Trayvon Martin texts and tweets limited in Zimmerman trial
- 28 May 2013
- From the section US & Canada
A Florida judge has limited the evidence defence lawyers can use in the trial of a neighbourhood watch volunteer who shot dead an unarmed black teenager last year.
Details about slain 17-year-old Trayvon Martin's cannabis use, school suspension and fights cannot be used in opening statements, the judge said.
George Zimmerman's lawyers argued those would show he acted in self-defence.
Mr Zimmerman has pleaded not guilty to a charge of second-degree murder.
In Sanford, Florida, Circuit Judge Debra Nelson also refused a request from the defence to delay the trial, now scheduled to begin on 10 June.
"We have a lot of evidence that marijuana use had something to do with the event," said Mr Zimmerman's defence lawyer Mark O'Mara.
"It could have affected his behaviour.''
'Attempt to influence'
Neither side will be allowed to mention Martin's alleged role in fights, nor his drug use, nor other allegations pertaining to his character in their opening statements, the judge ruled.
But she allowed that some of the evidence and testimony about it could be permissible later, depending on how the trial progressed.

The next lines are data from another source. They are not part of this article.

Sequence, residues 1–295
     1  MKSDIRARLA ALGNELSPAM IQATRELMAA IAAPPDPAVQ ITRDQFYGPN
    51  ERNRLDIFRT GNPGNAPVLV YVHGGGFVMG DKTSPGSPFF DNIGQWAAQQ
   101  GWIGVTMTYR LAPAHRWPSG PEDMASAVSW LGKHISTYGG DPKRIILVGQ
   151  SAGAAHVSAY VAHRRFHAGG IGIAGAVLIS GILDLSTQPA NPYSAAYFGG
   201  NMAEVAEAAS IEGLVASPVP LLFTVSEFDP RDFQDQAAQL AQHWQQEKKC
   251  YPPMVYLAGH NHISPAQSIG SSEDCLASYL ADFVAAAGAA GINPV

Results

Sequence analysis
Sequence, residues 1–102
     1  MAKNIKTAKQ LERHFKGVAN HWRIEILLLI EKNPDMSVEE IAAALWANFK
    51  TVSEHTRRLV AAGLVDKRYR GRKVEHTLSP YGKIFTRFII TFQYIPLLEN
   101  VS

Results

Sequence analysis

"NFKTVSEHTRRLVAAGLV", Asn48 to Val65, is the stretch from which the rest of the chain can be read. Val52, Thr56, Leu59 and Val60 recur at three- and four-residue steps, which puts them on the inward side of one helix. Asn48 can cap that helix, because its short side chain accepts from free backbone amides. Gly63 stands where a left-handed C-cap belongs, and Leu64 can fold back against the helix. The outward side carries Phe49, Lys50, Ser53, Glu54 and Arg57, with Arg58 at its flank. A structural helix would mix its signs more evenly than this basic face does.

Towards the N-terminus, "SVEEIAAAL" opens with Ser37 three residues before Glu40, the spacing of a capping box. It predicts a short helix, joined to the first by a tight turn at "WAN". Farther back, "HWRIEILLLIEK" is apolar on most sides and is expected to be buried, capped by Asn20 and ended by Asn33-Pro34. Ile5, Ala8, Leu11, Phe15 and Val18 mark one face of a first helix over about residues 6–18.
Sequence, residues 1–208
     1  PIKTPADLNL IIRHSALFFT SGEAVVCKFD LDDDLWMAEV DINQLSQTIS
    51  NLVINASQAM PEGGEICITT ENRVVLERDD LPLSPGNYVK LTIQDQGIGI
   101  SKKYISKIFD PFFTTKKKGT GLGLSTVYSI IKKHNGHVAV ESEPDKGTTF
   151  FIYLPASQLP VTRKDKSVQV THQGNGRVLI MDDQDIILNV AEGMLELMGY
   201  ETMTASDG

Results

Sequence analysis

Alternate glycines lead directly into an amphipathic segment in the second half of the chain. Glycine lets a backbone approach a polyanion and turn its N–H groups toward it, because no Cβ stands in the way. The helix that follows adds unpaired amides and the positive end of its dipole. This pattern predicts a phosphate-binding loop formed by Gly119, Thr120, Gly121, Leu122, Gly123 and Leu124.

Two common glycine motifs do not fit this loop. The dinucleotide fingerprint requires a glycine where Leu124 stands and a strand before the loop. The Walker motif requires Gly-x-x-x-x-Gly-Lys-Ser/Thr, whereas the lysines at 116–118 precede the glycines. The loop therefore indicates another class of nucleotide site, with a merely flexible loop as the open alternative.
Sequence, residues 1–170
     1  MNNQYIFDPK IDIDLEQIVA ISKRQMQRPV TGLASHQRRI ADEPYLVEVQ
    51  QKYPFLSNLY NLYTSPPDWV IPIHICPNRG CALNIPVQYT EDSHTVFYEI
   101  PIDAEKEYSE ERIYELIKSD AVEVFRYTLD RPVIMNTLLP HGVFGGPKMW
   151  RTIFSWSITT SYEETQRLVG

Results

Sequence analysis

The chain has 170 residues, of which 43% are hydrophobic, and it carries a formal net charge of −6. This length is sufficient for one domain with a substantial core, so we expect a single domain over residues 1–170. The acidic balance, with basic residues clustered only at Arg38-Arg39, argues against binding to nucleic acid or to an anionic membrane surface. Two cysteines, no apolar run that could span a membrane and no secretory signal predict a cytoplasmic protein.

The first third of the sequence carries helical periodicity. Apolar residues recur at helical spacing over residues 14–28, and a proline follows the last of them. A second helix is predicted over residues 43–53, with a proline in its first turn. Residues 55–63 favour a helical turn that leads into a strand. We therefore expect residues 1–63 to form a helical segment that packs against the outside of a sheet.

Last week, Mr Zimmerman's defence lawyers released to the public text message exchanges from Martin's mobile phone in which he appeared to discuss fights, a suspension from school, marijuana use and possibly buying a gun.
After Tuesday's hearing, Benjamin Crump, a lawyer representing Martin's family, said the personal information about Martin was "not relevant" and "inadmissible" as evidence.
"We think it was strategic when this information was released after the jury summons went out," Mr Crump told reporters.
"It was calculated, we believe, to sway and pollute and influence the jury."
Also in Tuesday's hearing, the judge said she would not allow jurors selected for the case to travel to the scene of the shooting during the trial.
The panel will not be sequestered during jury selection either, although defence lawyers argued such a measure would be necessary since the case has a high public profile.
In February 2012, Martin was walking from a shop to his father's home when the deadly confrontation with Mr Zimmerman occurred.
'Stand your ground'
Mr Zimmerman had been sitting in his vehicle watching a neighbourhood street when he saw Martin and deemed him suspicious. He telephoned authorities, then left his vehicle to pursue Martin.
Florida police did not arrest Mr Zimmerman for six weeks after the shooting.
He has denied he intended to shoot Martin, claiming the teenager became aggressive and threatened him and that he drew his legally carried gun and shot in self-defence.
The case drew national attention because the state's controversial "stand your ground" law grants individuals wide latitude to use deadly force if they feel seriously in danger.
Mr Zimmerman's lawyers have opted not to cite that law in their defence.